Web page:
In response to a legal setback in Illinois, Ford is implementing changes to its electric vehicle (EV) dealer program, easing certain requirements such as reducing the mandatory number of chargers and cutting training costs for participating dealers.
The Illinois state motor vehicle board recently ruled in favor of Ford dealers in the state, stating that Ford had violated state franchise laws with its EV program's stringent requirements, particularly related to charging infrastructure.
Ford, which had given dealers the option to either join its “epic journey of sustainable expansion” or wait until 2027, is now revising some of the program's restrictions. The adjustments are part of Ford's ongoing efforts to adapt its overall EV strategy to market dynamics and incorporate feedback from its dealers.
According to Automotive News, the changes include reducing the number of Level 2 (L2) chargers required for “Certified Elite” dealers from five to three. Additionally, the obligation to install a Level 3 charger by 2026 has been eliminated for these dealers. Dealers in the lower “Certified” tier will now need to install two L2 chargers instead of five, with the deadline for installation extended by six months to June 30, 2024.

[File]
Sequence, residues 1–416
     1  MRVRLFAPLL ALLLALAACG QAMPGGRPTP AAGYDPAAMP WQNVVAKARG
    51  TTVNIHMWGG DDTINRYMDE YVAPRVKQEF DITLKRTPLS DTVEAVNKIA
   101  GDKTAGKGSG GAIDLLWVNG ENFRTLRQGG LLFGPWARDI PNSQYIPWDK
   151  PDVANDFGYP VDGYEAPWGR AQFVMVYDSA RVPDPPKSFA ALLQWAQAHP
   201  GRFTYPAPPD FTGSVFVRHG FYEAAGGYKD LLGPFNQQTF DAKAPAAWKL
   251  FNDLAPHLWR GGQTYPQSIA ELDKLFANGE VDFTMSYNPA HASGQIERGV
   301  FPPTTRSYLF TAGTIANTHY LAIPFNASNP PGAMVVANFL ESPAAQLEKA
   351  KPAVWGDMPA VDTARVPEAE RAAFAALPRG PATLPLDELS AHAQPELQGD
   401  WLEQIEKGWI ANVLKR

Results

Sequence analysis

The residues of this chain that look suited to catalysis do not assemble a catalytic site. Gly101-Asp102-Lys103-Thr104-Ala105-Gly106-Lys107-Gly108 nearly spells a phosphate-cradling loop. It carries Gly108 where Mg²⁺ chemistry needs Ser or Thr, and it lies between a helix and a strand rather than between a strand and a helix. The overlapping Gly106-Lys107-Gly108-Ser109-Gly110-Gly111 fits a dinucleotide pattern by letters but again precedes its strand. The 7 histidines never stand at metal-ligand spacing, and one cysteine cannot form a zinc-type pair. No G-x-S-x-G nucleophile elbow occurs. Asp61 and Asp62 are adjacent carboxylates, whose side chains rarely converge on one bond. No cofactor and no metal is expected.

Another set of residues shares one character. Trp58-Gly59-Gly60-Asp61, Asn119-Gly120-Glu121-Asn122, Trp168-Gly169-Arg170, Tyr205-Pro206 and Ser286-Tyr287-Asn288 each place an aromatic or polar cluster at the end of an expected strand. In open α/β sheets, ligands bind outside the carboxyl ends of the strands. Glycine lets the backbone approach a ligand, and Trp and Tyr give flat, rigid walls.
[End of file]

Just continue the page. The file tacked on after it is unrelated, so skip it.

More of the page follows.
In a significant move, Ford is cutting dealer training costs by approximately half, amounting to up to $20,000. This adjustment comes after the state board claimed that Ford had wrongly altered its distribution model.
Ford, however, intends to appeal the decision. A company spokesperson emphasized that Ford remains committed to its voluntary Model e EV program, designed to enhance the EV customer experience in Illinois.
While the victory in Illinois marks a positive turn for Ford, the company has faced mixed outcomes nationwide. A New York judge recently blocked Ford's requirements at five dealerships pending the resolution of a lawsuit, while a judge in South Dakota ruled that the program does not violate the state's franchise laws.
Ford's CEO, Jim Farley, noted that around two-thirds of dealers had joined the initial Model e EV dealer program in December. Nevertheless, not all dealers have been satisfied with the transition. In January, Ford announced plans to ease certain restrictions, including public charging and the annual selling cap of 25 EVs for dealers in the lower tier. Lincoln, a subsidiary of Ford, is also making adjustments to its program to provide more flexibility.
The recent modifications by Ford also permit dealers to opt out of or change tiers, resulting in 53 dealers leaving the higher tier while 24 joined the lower tier, according to the report.